Holly Trees & Bushes


The holly (ilex) family has 400 members. While there are similarities among all of them, there are also differences. Not all of the varieties are readily available to the home gardener. The ones that are available have been specifically cultivated for the garden and have been bred to grow in a garden environment.

General Characteristics

Holly trees and bushes are either male or female. Both are needed to produce the berries. The ratio of male to female plants varies by the variety. Hollies are broadleaf evergreens or deciduous plants with spiny, pointed leaves in a wide variety of sizes and shapes. The berries are toxic to humans and the plants should not be placed where children can get to them.


Japanese holly (Ilex crenata 'Sky Pencil') is a female cultivar and needs a male of another variety to produce fruit. Possumhaw (Ilex decidua) is a deciduous shrub native to the southeastern and central United States. Blue holly (Ilex x meserveae) is also known as meserve holly. The plant is an evergreen shrub.


Japanese holly grows from 4 to 10 feet tall and 1 to 3 feet wide. The tree features elliptic or egg-shaped, small dark-green leaves measuring from ½ to 1-1/4 inches long. Tiny, green-white flowers bloom in May and June and produce purple berries 1/4 inch wide in the fall. Possumhaw reaches a height of 7 to 15 feet with a spread of 5 to 12 feet. White flowers bloom in May. The flowers on the female plant produce orange-red berries in September. The fruit stays on the tree until the following March. Narrow, egg-shaped, glossy dark-green leaves measure 2 to 3 inches long and turn a purple green to yellow in the fall. Blue holly measures 8 feet tall by 8 feet wide with blue-green, evergreen, elliptical-shaped leaves up to 3 inches long. Cream-colored flowers grow in clusters from May through the fall. Female flowers produce green berries that mature to red or yellow and stay on the shrub through the winter.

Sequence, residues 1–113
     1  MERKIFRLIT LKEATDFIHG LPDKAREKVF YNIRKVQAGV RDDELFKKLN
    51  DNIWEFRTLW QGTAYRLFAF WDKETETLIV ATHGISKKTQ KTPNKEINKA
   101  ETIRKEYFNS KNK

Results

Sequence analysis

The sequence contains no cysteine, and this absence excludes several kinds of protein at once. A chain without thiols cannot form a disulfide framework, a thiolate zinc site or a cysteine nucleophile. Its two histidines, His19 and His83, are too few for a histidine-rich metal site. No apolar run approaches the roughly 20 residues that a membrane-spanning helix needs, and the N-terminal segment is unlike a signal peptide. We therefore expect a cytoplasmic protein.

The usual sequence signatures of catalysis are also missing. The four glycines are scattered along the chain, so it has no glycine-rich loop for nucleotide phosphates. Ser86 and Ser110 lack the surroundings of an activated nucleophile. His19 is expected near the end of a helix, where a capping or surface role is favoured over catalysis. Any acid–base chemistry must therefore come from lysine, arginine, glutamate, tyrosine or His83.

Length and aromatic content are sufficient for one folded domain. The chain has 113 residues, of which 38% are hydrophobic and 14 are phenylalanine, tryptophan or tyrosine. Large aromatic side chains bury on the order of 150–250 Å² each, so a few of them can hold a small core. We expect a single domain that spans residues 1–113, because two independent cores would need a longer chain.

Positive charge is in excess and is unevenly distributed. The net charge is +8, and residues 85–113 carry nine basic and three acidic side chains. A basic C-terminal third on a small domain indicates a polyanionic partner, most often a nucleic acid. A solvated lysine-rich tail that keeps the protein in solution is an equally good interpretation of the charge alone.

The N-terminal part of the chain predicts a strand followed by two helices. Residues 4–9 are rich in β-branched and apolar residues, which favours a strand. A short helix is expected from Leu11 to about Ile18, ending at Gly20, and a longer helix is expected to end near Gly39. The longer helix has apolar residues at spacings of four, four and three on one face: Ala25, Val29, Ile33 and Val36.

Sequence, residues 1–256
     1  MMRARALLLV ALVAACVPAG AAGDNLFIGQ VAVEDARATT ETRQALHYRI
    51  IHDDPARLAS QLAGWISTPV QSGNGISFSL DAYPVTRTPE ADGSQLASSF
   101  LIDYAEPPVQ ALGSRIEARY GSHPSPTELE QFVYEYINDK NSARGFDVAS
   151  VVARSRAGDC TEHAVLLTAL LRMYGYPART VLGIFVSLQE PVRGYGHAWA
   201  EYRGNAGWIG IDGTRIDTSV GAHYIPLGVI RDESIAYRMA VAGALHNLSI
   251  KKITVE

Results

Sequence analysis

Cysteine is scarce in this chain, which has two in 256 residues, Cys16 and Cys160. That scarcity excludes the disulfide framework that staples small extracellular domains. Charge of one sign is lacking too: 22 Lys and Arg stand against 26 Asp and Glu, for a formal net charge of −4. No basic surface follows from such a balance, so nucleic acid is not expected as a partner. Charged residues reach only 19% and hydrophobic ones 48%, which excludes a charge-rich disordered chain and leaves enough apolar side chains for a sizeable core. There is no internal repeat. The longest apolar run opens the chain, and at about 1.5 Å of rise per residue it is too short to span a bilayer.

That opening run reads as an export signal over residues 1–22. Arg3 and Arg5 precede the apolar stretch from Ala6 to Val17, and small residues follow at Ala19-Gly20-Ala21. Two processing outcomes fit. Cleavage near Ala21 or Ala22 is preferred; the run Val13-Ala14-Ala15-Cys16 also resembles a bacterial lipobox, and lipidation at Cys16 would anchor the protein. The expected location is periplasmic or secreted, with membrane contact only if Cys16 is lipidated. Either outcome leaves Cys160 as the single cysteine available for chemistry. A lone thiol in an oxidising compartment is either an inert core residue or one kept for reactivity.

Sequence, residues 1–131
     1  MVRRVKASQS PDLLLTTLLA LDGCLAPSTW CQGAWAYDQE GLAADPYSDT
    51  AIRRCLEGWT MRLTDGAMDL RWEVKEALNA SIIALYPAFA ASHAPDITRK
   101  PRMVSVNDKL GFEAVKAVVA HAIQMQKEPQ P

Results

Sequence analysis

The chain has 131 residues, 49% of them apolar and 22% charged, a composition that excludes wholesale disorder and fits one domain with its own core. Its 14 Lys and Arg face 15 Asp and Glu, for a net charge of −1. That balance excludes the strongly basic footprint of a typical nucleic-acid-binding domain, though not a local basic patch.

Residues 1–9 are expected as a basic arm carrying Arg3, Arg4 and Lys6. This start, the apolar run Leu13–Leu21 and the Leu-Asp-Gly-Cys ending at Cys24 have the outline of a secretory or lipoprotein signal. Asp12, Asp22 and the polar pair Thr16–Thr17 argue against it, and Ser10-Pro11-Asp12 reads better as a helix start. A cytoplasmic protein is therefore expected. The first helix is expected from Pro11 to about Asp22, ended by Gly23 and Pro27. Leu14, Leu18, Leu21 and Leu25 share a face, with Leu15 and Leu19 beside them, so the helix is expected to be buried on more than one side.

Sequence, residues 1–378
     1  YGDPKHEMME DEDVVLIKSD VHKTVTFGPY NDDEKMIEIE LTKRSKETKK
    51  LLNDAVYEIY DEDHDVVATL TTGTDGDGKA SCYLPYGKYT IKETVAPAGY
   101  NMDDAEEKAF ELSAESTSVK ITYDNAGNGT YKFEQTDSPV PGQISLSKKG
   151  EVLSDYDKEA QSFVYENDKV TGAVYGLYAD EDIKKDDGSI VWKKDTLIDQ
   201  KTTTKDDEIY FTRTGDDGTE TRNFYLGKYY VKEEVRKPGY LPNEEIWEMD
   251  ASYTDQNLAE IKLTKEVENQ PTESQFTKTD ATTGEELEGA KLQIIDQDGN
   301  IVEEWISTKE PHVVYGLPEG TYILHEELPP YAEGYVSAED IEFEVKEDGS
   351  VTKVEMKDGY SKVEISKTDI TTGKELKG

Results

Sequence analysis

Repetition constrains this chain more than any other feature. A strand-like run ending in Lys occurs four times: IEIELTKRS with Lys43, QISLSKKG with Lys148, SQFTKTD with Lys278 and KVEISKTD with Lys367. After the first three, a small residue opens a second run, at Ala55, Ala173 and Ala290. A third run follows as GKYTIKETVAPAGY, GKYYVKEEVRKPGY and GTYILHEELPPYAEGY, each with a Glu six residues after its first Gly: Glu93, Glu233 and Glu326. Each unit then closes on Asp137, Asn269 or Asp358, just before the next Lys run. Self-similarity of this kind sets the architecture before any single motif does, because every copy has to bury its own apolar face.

Japanese holly is hardy in USDA zones 4 to 6. The plant likes full sun or partial shade and a soil that is average and well drained. The tree is tolerant of urban pollution. Possumhaw likes full sun or partial shade and a soil that is moist and organic. The plant is hardy in zones 5 to 9. Blue holly prefers partial shade but can go in full sun or full shade if necessary. Plant in a rich, moist, well-drained soil. The shrub is hardy in zones 5 through 8.


The leaves of the Japanese holly turn yellow if the soil is too alkaline. The tree should get a winter mulch in the northern end of its zones. Spider mites and nematodes cause problems. Possumhaw is occasionally bothered by leaf spots and powdery mildew. Blue holly suffers from foliage and stem burn in winter and heat stress in hot, dry summers.


Use Japanese holly in small narrow spaces, as a specimen plant or as a tall, thin hedge or privacy screen. Birds, deer, opossums and other small mammals make a meal out of the berries of the possumhaw. Plant possumhaw as a specimen plant, in groups, as a hedge and along the banks of ponds or streams. Blue holly is used as a foundation plant, in groups, as a specimen plant or as a formal or informal hedge.

Keywords: holly trees, holly shurbs, holly plants

About this Author

Regina Sass has been a writer for 10 years, penning articles for publications in the real estate and retail industries. Her online experience includes writing, advertising and editing for an educational website. Sass is a member of the Society of Professional Journalists.